Every baker needs basic building blocks—the go-to batters and mixtures needed to assemble a myriad of desserts. In the French repertoire, which is what I learned first, the basic of all basic cakes was the plain whole egg sponge cake called genoise, from which a thousand elegant gateaux are created by simply (or not so simply!) slicing it into almost impossibly thin layers, splashing them with flavored syrups, and layering them with rich buttercreams laced with crushed caramelized nuts, melted chocolate, or any other stuff of your dreams.
I remain a great fan of the genoise—but most Americans find it a bit dry and slightly coarse (because it was never meant to be eaten plain, you guys!). That’s where the hot milk sponge comes in. It’s a tad moister and richer, with a finer, softer texture. Since I love plain cake, I could nibble an entire hot milk sponge with my coffee, but it really comes into its glory as an alternative to genoise. Just imagine the cocky hot milk sponge taunting the venerable French genoise, “I can do anything you can do better!”
Just to rub it in, the hot milk sponge is easier than a genoise for a new(ish) baker to produce, because it has baking powder to help it rise—not just whipped eggs folded in. Since it’s moister to start with, you don’t have to have the skill to slice horizontal layers as thin as you might slice a genoise, and you can fill the layers with or without first moistening them with syrup or a soaking liquid. Wait, there’s more—if you spread the batter evenly in a 12x16-inch, parchment-lined, rimmed pan, and bake at 400° F for 10-12 minutes, you get a beautiful sponge sheet cake that can be used for a Buche de Noel, jelly roll, or any roulade—and you don't have to roll it in a damp towel (a procedure I detest). It will still remain flexible enough to fill and roll, without cracking, after it’s cooled.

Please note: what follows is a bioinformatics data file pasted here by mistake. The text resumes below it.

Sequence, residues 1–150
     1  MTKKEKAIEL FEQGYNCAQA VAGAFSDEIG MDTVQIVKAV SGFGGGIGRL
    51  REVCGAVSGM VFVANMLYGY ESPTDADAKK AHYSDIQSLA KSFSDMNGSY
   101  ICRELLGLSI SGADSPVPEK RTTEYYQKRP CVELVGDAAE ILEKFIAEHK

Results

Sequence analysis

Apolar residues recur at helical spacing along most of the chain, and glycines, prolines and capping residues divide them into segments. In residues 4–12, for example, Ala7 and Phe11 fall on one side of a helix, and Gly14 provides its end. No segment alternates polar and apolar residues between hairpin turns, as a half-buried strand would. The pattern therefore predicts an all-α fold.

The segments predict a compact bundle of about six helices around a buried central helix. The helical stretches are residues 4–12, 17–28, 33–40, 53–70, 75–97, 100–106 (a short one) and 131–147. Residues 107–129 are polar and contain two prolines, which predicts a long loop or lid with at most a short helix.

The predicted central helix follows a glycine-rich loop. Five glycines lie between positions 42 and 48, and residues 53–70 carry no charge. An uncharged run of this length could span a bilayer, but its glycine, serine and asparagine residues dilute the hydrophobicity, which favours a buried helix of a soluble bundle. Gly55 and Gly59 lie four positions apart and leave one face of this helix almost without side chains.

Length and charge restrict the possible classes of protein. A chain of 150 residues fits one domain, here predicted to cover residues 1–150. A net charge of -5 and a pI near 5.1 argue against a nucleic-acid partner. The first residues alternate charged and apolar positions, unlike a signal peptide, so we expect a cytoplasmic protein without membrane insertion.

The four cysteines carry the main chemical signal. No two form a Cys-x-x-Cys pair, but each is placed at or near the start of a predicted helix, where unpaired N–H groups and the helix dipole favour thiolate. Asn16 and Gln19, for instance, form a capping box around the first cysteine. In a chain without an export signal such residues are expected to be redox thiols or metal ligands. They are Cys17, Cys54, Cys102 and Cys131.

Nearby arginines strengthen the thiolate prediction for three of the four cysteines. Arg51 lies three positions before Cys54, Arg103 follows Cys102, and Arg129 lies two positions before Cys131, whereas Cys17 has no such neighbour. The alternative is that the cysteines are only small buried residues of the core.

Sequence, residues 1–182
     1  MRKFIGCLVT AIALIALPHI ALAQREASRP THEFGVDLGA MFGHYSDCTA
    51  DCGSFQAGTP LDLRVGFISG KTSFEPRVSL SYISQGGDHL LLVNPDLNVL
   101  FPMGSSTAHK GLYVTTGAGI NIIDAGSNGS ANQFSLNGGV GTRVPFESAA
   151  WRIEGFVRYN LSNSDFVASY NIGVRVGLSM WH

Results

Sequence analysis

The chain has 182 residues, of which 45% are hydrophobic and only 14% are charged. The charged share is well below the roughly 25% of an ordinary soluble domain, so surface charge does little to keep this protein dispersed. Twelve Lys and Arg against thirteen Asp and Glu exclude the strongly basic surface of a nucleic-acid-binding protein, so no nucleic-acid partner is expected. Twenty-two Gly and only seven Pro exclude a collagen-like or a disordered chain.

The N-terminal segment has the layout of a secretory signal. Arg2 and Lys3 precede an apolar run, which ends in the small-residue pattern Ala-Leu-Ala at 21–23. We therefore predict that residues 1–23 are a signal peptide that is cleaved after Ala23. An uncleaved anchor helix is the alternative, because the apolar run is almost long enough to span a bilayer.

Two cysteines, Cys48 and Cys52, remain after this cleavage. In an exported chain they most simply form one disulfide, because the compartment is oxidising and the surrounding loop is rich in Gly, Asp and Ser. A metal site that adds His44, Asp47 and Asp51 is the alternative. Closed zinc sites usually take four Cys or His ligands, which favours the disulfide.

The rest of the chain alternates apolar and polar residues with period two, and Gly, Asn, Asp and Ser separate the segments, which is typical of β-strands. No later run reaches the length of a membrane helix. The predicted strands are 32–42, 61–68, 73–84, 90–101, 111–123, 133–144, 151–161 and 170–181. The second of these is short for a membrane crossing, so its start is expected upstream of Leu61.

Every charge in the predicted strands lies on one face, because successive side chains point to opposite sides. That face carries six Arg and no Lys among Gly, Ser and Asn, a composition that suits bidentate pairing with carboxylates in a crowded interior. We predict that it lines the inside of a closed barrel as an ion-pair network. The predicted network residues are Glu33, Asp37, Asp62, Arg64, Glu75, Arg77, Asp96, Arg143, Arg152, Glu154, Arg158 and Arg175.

Here, I’ve given three super simple ways to fill and finish the basic cake—one with lemon curd and sliced almonds, one with cranberries (or any fruit preserves) with whipped cream and pistachios, and one with pastry cream and chocolate glaze. The latter will remind you of Boston cream pie, or maybe the cake version of a chocolate éclair.
The recipes that follow are adapted from the hot milk sponge cake recipe above and in the new edition of my first book (and the 1990 James Beard Cookbook of the Year) Cocolat: Extraordinary Chocolate Desserts. In the book, you will find individual lemon roulades, chocolate velvet mousse cake, Christmas bombe (with cranberries and white chocolate kirsch mousse), and a six-layer Pave D’Amour (with coffee buttercream, whipped ganache, orange liqueur, and chocolate meringue layers). All of these made with a hot milk sponge base, which should give you an idea of its versatility.
My career was sparked by a single bite of a chocolate truffle, made by my Paris landlady in 1972. I returned home to open this country’s first chocolate bakery and dessert shop, Cocolat, and I am often “blamed” for introducing chocolate truffles to America. Today I am the James Beard Foundation and IACP award-winning author of ten cookbooks, teach a chocolate dessert class on Craftsy.com, and work with some of the world’s best chocolate companies. In 2018, I won the IACP Award for Best Food-Focused Column (this one!).